How the new waterfront could look, according to Global Ports Holding’s plans.
By NATARIO McKENZIE
Tribune Business Reporter
Taxi drivers yesterday warned they will not be “disenfranchised” by the cruise port’s redevelopment, their union president pledging the sector will be “at the forefront of negotiations”.
Wesley Ferguson, the Bahamas Taxicab Union’s (BTU) president, told Tribune Business: “I was very adamant in my address to the prime minister that, whoever they choose, we fully intend to be at the forefront of negotiations.
“One thing we would have to make sure of is that we are in an advantageous position to be in the forefront of the new system at the dock. We want to secure our future instead of someone else determining what’s good for us. We’re looking for a good deal so we aren’t disenfranchised.”
Mr Ferguson said his group had not yet met with Global Ports Holding, the preferred bidder selected by the government, but added: “We want to know what their intentions are and what their plans are for taxi divers going forward.”
He said the BTU recently had an “intense” meeting with tourism officials over the roll-out of a new call-up system at Prince George Wharf. “In two weeks we will roll-out a brand new call-up system for taxi drivers at the dock,” Mr Ferguson said.
“It’s an alphabetical system designed to reduce the occurrences of persons sleeping on the dock. The way it will work is, if your last name begins with B, for instance, you would be the first one out for for the day. When B is exhausted we then go to C and D Drivers will have foreknowledge of who is first out.”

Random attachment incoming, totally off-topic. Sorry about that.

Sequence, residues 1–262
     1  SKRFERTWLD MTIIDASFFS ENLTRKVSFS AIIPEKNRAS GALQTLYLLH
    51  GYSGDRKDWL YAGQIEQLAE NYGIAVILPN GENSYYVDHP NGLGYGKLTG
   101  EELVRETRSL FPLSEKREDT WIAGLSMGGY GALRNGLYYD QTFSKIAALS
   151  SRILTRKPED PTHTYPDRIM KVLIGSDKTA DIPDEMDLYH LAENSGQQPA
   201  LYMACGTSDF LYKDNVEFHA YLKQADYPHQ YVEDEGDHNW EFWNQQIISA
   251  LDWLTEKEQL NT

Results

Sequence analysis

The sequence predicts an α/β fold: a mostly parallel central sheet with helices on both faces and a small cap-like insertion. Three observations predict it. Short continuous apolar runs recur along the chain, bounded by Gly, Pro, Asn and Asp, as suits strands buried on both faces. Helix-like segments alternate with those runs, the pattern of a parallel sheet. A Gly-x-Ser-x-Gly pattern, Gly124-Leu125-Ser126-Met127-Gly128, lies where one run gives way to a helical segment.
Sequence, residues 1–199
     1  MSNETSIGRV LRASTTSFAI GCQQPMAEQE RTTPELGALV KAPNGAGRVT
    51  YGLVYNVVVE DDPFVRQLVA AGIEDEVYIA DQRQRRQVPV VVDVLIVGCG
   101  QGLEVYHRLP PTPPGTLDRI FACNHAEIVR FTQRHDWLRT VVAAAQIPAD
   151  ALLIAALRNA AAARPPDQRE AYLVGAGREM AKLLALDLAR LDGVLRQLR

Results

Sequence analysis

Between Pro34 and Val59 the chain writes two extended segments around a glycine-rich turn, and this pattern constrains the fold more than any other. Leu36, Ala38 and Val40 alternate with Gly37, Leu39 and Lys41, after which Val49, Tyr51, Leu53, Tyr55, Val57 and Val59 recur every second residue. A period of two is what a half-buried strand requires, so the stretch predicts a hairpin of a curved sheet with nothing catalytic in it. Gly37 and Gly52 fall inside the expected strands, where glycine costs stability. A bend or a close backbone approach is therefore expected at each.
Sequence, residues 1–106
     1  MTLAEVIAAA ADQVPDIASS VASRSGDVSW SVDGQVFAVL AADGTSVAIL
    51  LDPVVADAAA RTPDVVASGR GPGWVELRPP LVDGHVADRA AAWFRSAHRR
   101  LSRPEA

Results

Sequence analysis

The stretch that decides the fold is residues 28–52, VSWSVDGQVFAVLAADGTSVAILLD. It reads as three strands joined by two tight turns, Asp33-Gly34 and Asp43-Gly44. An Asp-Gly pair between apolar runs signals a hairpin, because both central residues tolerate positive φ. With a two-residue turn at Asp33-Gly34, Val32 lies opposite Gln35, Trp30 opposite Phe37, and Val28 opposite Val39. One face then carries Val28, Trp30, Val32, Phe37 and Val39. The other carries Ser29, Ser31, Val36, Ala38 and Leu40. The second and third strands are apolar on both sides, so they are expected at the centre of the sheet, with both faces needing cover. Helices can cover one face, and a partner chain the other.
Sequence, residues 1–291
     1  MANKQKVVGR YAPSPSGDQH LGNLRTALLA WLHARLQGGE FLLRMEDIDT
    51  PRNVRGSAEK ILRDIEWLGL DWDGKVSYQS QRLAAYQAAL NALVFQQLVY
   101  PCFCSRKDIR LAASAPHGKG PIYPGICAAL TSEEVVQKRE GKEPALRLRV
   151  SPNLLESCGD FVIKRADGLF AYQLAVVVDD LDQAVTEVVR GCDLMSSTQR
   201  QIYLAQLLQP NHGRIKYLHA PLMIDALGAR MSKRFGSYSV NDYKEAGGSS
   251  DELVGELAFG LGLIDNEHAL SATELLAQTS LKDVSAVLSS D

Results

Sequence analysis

“This system will be the catalyst to prove to government and local officials downtown that we are capable of doing professional business, which will change the image of the taxi drivers.”
Global Ports Holding, the UK-listed, Turkish-headquartered operator of 16 cruise ports spread throughout the Mediterranean, Asia-Pacific and Atlantic regions, was unveiled this week as the preferred bidder to take over Prince George Wharf’s management and operations, and oversee its redevelopment.
Bids for the Nassau Cruise Port were submitted to the Government on December 7 last year, and opened on December 11. The three contenders were the $250m offer from Global Ports Holding and its Bahamian advisors, Arawak Port Development Company (APD) and CFAL; the $225m proposal by Nassau Port Partners, headed by Bahamian investment house, Providence Advisors; and the $125m submission by Cruise Ports International. The latter, a Bahamian group, was headed by former Family Guardian president, Gerald Strachan, in alliance with four major cruise lines - Carnival, Disney, Norwegian and Royal Caribbean.
Global Ports Holding has pledged to provide a $10m interest free loan to small Bahamian retail investors to enable them to acquire shares in an investment fund that will have 49 percent equity ownership in the cruise port project. Those Bahamians will hold shares in The Bahamas Investment Fund set up by CFAL (the former Colina Financial Advisors).
Company officials have also promised to work “in harmony” with the Downtown Nassau Partnership (DNP) to help finance improvements to Bay Street and surrounding roads, and upgrade lighting and benches to make the area “a more attractive place where people want to linger” and spend money.